1st Trimester

Admitting to pregnancy in a job interview?

I'm an out of work teacher, looking to get back into the classroom next school year. I just found out that I'm pregnant and due 10/23, which is PLENTY of time to start the school year, establish rules, and have a succesful transition to the sub (my first kid was born 10/2 and I had no problems). I've been applying for jobs and will hopefully start getting some interviews soon. Is it wrong to hide my "condition" until after I've been offered a job? The first time around, I hid it until the end of the school year, when they renewed my contract, but I had already been at that school for several months. I don't know if any school would want to hire someone they know they will lose (temporarily) early in the year... however, assuming I interview in the next few months, I wouldn't be ready to tell random strangers anyway! What do you think?

Re: Admitting to pregnancy in a job interview?

  • Don't admit to anything.  Unless you're obviously showing...

    You are under no legal obligation to tell them and they're not supposed to ask or discriminate against you.

    However, if you were completely equal to another applicant and they knew you were pregnant, odds are they would give the job to the non-pregnant applicant.

    Good luck!

  • Not wrong at all!  My friend is a school psychologist and had a due date of early Feb.  She waited until she was 20-22 weeks before she told them.  She was hired in August and wanted to prove herself.  They had no problems with her maternity leave.

    Good luck!


     
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  • Having known a lot of teachers, and also the fact that SO is a teacher, maybe you can do long-term subbing or something until the second half of the school year? 

    I know a lot of schools would rather not hire a teacher they know will be out in less than two months on maternity leave - and there's no true indicator as to whether or not they will be back.  I also think that, depending on your state and its particular union laws, the district itself may be able to do something for misrepresenting yourself...remember, when you sign the new school year contract, it is for a full school year.  They might be able to get you on breach of contract...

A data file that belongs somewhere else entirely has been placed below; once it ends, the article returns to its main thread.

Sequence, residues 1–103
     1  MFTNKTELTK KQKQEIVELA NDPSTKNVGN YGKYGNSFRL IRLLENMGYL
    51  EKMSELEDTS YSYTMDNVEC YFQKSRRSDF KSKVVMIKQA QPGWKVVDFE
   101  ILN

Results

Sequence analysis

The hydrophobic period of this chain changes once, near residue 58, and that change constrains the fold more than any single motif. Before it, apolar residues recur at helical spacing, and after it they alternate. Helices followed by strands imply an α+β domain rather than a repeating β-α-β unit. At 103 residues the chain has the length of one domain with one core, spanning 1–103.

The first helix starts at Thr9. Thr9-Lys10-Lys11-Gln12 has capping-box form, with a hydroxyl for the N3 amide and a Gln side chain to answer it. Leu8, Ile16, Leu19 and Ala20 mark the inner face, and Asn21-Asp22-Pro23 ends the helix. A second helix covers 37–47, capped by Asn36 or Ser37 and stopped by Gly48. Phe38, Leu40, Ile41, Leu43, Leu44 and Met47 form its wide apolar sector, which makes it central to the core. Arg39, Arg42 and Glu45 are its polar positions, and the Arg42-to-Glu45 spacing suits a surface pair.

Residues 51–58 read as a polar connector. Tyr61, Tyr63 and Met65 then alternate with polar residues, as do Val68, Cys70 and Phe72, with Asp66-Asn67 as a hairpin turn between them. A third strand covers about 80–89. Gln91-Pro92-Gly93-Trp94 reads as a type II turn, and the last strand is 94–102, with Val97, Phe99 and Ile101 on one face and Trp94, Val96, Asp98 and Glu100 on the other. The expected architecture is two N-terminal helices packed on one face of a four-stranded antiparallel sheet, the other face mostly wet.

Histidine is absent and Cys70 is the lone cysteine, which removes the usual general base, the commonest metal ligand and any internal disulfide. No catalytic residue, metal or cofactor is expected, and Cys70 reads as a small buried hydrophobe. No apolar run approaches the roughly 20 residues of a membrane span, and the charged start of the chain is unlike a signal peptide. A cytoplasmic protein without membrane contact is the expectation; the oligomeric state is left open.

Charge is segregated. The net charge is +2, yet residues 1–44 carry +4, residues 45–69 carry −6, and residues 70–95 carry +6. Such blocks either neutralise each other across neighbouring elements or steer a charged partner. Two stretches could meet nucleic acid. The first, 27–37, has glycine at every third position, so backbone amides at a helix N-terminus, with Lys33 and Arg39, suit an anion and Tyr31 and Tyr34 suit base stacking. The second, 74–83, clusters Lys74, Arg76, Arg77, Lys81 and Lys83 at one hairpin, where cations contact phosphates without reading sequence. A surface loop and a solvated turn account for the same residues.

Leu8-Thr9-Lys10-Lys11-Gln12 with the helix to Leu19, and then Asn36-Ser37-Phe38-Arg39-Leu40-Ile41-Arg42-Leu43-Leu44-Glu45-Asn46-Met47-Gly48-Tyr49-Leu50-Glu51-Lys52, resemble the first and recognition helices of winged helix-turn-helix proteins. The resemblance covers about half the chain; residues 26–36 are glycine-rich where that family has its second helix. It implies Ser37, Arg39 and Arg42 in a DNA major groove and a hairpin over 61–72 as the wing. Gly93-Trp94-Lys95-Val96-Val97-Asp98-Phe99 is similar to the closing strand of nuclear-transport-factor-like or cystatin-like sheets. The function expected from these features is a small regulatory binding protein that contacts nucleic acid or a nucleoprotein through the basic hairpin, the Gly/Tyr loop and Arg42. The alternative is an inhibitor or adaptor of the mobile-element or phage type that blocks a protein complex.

Just my two cents...hth!

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  • image monkiem:

    Having known a lot of teachers, and also the fact that SO is a teacher, maybe you can do long-term subbing or something until the second half of the school year? 

    I know a lot of schools would rather not hire a teacher they know will be out in less than two months on maternity leave - and there's no true indicator as to whether or not they will be back.  I also think that, depending on your state and its particular union laws, the district itself may be able to do something for misrepresenting yourself...remember, when you sign the new school year contract, it is for a full school year.  They might be able to get you on breach of contract...

    Just my two cents...hth!

    I'm confused by this.  If they were to fire her, that would be discrimination right?  I don't think not disclosing a pregnancy, which by law they can't ask about during an interview, is misrepresenting.

    The only think I could see is if she decides not to go back after giving birth/maternity leave.  It doesn't sound like she's planning to do this.

    Maybe I misunderstood or read this wrong.


     
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  • image blondie42107:
    image monkiem:

    Having known a lot of teachers, and also the fact that SO is a teacher, maybe you can do long-term subbing or something until the second half of the school year? 

    I know a lot of schools would rather not hire a teacher they know will be out in less than two months on maternity leave - and there's no true indicator as to whether or not they will be back.  I also think that, depending on your state and its particular union laws, the district itself may be able to do something for misrepresenting yourself...remember, when you sign the new school year contract, it is for a full school year.  They might be able to get you on breach of contract...

    Just my two cents...hth!

    I'm confused by this.  If they were to fire her, that would be discrimination right?  I don't think not disclosing a pregnancy, which by law they can't ask about during an interview, is misrepresenting.

    The only think I could see is if she decides not to go back after giving birth/maternity leave.  It doesn't sound like she's planning to do this.

    Maybe I misunderstood or read this wrong.

    No...sorry, my brain has shut off for the week...my fault, I probably didn't word it properly.  Ok...try again: no, they're not allowed to ask if you're expecting during the interview.  And no, they're not allowed to NOT hire you based upon [any] disclosure you may or may not make pertaining to it.  However, I know that at one school here, a teacher was grieved for breach of contract for signing her yearly contract and then going on her maternity leave within a short period of time...I think their reasoning was that yes, she's entitled under FMLA; but since she had known that she would need this, she should have disclosed it prior to signing her contract.

    I'm just saying this because people can be jerks...if they were to refuse her the job after disclosing this info, they are in violation of EO laws.

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  • They can't even ask you if your expecting. As long as your able to do everything the job requires then you don't need to tell them right away.
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  • image monkiem:
    image blondie42107:
    image monkiem:

    Having known a lot of teachers, and also the fact that SO is a teacher, maybe you can do long-term subbing or something until the second half of the school year?